Reprinted from MassLive
By John Fish | Guest viewpoint
If Massachusetts is going to meet the new state energy efficiency standards signed into law in March, and also regain its place as the nation’s most energy efficient state, we need to make green buildings more affordable to build.
Suffolk Construction and the University of Massachusetts teamed up on what might be one of the most forward-looking energy efficient buildings in the nation—a building that should serve as a model that inspires and intrigues architects and developers.
The John W. Olver Design Building is the future of sustainable, energy efficient construction. Named a 2020 Top Ten Award winner by the American Institute of Architects, the industry’s top honor for sustainable design excellence, the building won a Wall Street Journal Best Architecture award and an award for sustainability from World Architecture News.
The Olver Building is timely: For nearly a decade Massachusetts proudly trumpeted its place atop the national ranking of energy efficient states only to lose the top spot last year. At the same time, developers, unions and real estate associations have voiced concerns that the state’s new energy efficiency standards could stymie construction. An Act Creating a Next Generation Roadmap for the Massachusetts Climate Policy, just signed into law, made national news with a 50% emission reduction target by 2030 and net-zero emissions by 2050. The Act could also give cities and towns the power to essentially mandate net-zero buildings, with little guidance on how to build homes and offices that are affordable.
Roughly a third of Massachusetts emissions come from combustion of fossil fuels in residential and commercial buildings. That means the key to climate change success is going to come from new construction. But developers and real estate associations that have pushed back on the new standards are right to have worries—none of this is cheap. That’s why government also needs to take a role to make constructing gems like the Olver Building more affordable and accessible to commercial builders. For example, investment tax credits like those for solar, wind, and geothermal have been critical to creating clean power and reducing the emissions of buildings. That same forward-thinking vision needs to be applied for construction.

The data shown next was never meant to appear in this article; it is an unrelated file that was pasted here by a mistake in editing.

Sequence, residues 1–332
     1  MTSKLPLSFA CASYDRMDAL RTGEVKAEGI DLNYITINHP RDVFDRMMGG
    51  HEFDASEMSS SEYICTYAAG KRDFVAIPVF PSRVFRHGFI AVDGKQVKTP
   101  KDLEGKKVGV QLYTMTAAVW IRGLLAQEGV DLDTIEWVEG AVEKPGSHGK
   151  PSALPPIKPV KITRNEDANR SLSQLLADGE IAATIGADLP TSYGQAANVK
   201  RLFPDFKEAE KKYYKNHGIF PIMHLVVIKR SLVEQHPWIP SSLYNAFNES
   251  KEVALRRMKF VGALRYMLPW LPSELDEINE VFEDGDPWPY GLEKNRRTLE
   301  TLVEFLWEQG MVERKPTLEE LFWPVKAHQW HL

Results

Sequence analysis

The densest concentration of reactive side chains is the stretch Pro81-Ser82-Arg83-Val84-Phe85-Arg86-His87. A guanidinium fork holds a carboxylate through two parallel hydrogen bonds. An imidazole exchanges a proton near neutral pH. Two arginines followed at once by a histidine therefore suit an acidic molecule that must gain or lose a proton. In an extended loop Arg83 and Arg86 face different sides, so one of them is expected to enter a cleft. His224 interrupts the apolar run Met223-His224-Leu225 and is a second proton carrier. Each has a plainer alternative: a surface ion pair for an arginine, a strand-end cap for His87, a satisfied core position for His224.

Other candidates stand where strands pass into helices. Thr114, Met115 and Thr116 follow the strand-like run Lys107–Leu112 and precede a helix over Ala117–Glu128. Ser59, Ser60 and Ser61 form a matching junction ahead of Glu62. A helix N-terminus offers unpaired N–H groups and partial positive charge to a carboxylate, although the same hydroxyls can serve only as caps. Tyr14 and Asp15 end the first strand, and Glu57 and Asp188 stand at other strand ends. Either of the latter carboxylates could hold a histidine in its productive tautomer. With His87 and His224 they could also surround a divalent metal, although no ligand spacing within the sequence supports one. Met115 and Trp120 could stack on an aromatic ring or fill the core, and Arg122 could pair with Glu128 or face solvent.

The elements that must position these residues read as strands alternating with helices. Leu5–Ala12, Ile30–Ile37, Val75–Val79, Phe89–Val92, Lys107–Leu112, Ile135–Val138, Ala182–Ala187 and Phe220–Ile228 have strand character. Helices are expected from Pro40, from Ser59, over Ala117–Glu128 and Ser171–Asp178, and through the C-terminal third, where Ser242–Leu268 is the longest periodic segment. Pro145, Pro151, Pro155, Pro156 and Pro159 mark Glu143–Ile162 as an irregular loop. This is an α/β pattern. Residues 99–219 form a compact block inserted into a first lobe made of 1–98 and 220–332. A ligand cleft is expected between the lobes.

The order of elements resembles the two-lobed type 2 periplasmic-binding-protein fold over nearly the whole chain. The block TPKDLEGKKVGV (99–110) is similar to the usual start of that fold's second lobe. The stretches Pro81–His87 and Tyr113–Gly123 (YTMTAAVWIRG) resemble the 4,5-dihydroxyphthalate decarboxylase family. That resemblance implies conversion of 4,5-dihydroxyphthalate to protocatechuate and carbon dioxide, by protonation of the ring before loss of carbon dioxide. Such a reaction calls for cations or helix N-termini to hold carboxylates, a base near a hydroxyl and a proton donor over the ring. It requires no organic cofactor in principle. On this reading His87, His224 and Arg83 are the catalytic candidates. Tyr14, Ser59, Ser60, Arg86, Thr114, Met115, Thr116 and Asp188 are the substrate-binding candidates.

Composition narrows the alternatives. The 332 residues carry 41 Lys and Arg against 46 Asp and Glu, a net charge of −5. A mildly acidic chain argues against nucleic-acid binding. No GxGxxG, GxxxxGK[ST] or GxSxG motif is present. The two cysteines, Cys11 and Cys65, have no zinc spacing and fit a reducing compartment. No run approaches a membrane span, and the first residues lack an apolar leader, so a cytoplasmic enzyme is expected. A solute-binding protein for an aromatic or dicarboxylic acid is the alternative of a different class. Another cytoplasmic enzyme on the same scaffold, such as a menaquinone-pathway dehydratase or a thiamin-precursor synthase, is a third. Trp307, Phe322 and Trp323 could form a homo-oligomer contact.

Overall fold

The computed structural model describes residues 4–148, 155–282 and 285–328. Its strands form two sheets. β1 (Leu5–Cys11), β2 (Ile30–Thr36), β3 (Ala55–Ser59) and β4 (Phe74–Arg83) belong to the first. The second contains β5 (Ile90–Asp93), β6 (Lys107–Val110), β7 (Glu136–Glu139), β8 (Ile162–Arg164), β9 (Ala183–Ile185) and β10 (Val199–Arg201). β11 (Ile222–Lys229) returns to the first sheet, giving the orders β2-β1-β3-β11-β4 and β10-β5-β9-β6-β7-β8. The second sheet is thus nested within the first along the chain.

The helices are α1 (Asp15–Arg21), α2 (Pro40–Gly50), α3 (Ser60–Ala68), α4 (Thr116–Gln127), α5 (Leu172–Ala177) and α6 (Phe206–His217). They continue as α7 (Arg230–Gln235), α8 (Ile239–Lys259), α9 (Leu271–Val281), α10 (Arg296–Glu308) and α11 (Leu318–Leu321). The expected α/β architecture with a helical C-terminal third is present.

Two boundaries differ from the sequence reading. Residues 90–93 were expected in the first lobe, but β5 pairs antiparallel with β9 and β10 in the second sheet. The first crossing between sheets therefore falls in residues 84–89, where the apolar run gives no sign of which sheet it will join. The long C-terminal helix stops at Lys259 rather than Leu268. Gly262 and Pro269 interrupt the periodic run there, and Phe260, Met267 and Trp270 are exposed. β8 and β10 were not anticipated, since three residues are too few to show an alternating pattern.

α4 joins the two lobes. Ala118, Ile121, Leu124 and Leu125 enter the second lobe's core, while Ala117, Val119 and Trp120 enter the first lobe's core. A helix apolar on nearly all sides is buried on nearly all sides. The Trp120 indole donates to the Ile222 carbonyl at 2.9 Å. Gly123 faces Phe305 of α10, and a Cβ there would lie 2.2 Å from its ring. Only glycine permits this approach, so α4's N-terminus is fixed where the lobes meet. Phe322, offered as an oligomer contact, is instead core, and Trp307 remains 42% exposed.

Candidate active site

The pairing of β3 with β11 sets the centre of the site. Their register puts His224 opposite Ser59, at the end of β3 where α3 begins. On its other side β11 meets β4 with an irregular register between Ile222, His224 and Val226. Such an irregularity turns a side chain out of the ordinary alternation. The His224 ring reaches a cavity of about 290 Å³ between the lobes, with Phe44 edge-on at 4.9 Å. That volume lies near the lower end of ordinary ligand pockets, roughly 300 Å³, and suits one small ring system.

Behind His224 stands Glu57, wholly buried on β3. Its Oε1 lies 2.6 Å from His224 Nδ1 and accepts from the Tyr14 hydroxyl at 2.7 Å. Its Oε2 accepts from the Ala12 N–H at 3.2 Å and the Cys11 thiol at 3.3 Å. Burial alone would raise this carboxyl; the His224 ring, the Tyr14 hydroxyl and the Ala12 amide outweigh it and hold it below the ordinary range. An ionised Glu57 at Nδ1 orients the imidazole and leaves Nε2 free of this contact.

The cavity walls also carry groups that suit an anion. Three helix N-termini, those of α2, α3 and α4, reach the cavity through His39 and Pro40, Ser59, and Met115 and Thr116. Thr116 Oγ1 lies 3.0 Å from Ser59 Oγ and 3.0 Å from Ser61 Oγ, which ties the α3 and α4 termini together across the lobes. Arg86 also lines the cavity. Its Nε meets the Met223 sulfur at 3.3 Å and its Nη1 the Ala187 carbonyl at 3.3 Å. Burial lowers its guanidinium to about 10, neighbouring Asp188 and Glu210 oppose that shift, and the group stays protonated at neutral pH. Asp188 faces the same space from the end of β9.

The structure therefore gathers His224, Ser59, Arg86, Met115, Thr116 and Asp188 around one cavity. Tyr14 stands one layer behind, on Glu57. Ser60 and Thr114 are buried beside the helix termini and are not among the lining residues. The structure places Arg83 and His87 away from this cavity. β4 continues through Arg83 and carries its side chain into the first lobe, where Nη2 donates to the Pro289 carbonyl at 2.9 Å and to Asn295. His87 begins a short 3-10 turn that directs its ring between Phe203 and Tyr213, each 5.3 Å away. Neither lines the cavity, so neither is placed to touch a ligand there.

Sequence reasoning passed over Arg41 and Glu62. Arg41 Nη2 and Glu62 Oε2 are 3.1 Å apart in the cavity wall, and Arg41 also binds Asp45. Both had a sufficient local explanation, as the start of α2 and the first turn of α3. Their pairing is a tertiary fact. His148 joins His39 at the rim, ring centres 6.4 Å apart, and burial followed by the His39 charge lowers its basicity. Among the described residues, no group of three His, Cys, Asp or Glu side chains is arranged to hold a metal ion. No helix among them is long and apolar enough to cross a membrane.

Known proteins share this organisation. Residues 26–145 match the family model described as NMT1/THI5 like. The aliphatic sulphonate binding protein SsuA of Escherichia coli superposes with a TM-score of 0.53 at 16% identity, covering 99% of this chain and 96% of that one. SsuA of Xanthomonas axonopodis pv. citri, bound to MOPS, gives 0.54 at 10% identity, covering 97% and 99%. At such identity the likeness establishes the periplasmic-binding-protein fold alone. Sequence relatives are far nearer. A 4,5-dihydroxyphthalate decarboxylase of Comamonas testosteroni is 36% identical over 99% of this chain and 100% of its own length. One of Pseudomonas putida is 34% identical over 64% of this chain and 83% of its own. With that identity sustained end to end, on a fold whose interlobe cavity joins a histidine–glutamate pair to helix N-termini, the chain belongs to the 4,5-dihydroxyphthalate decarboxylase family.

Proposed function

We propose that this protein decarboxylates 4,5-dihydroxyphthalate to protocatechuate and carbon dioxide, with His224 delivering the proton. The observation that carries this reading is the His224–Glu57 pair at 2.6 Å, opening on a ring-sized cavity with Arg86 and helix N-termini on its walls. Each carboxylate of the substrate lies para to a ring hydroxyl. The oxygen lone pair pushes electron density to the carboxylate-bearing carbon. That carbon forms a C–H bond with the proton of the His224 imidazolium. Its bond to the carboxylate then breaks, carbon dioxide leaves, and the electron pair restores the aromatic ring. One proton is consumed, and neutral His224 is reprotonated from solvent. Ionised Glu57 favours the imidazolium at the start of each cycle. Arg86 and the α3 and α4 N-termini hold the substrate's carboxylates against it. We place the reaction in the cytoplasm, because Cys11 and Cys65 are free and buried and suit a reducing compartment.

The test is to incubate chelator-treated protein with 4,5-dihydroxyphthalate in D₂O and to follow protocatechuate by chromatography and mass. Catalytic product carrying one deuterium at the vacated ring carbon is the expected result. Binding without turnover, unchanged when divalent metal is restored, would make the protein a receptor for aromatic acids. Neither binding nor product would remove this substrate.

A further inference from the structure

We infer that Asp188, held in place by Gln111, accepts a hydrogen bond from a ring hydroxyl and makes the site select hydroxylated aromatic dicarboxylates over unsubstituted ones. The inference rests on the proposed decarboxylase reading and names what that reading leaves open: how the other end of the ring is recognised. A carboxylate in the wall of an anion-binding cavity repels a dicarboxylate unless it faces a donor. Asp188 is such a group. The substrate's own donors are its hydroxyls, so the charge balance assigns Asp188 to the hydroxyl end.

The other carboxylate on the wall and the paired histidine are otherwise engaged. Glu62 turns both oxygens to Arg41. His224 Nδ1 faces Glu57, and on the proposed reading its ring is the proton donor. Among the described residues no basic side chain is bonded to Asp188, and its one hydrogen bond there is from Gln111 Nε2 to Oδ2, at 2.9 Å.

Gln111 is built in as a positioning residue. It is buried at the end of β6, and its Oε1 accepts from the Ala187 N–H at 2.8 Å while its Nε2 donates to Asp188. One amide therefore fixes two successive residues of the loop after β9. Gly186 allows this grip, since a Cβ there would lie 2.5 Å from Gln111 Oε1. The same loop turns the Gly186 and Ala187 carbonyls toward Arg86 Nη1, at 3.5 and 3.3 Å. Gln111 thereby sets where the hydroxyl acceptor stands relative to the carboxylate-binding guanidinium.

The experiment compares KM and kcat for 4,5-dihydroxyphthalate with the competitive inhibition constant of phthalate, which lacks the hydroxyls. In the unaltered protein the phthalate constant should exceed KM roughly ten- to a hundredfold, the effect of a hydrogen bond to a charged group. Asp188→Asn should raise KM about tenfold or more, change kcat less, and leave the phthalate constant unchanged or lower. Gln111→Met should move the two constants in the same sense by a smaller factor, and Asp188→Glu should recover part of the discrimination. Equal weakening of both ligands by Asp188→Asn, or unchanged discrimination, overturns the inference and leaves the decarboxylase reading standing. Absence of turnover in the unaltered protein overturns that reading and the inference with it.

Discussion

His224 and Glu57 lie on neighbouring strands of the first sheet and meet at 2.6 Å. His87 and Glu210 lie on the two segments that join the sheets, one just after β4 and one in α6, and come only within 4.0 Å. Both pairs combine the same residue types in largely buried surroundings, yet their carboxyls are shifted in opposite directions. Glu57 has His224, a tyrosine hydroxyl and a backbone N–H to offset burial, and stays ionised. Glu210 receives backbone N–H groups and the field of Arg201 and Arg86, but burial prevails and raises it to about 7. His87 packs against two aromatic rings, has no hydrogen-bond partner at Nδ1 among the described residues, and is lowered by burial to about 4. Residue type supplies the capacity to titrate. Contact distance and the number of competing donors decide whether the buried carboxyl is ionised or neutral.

The Biden Administration and Democrats in Congress are looking at this now, and their help will make this state’s goals much more reachable. The infrastructure bill currently moving through Congress builds on the success of those solar and wind tax credits by adding more eligible green building technologies to the mix.
One bill relevant to the Olver building is the Dynamic Glass Act, sponsored by Senator Ed Markey. Senator Markey’s bill would bring the cost of the electrochromic glass used in the Olver building closer to that of traditional window materials. Legislation like the Dynamic Glass Act, and other similar efforts like the E-QUIP Act, which would provide for accelerated depreciation for state-of-the-art green technologies, can help to break down the prohibitive cost barriers to building more energy-efficient buildings. Beyond the Olver Building, electrochromic glass is also used at Boston’s Logan International Airport and in a massive new energy-efficient project currently being built near Fenway Park over the Massachusetts Turnpike. We can regain the number one energy efficiency ranking and dramatically reduce carbon emissions if new construction statewide incorporates technologies and innovations in the Olver Building, and if government steps up with programs aimed at making those buildings affordable to construct.
What makes the Olver building a model? In short: Revolutionary window and skylight technology that provides maximum daylight to the building’s interior—the glass knows when to be clear, when to darken—and significantly reduces artificial lighting needs, energy use and cost. And it is built of sustainable laminated wood with the strength of steel but without steel’s carbon footprint.
The building envelope is super-efficient, with dedicated mechanical equipment zoned for maximum efficiency. Radiant flooring and chilled beams provide robust energy savings, and storm water roof runoff is filtered through bio-swales and wooden dams back to the Connecticut River. On top of it all is a roof garden.
This is the kind of building we need to be constructing in Boston, Worcester and Springfield and the towns in-between. But while all this tech cuts carbon and energy costs, the up-front costs are significant.
This state is a leader on solar power and will soon lead in wind power, as well, in large part because tax credits made those technologies affordable. If we are going to build the green buildings we want and need for tomorrow, we need the same kind of vision and support.
John Fish is the Chairman and CEO of Suffolk Construction and Chair-Elect of The Real Estate Roundtable’s Board of Directors.